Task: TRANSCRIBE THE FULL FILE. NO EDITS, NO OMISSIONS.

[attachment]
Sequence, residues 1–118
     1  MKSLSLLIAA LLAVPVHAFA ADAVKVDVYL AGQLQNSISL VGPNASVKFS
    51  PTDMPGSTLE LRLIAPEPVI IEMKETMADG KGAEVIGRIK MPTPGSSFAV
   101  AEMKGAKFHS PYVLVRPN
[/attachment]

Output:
Sequence, residues 1–118
     1  MKSLSLLIAA LLAVPVHAFA ADAVKVDVYL AGQLQNSISL VGPNASVKFS
    51  PTDMPGSTLE LRLIAPEPVI IEMKETMADG KGAEVIGRIK MPTPGSSFAV
   101  AEMKGAKFHS PYVLVRPN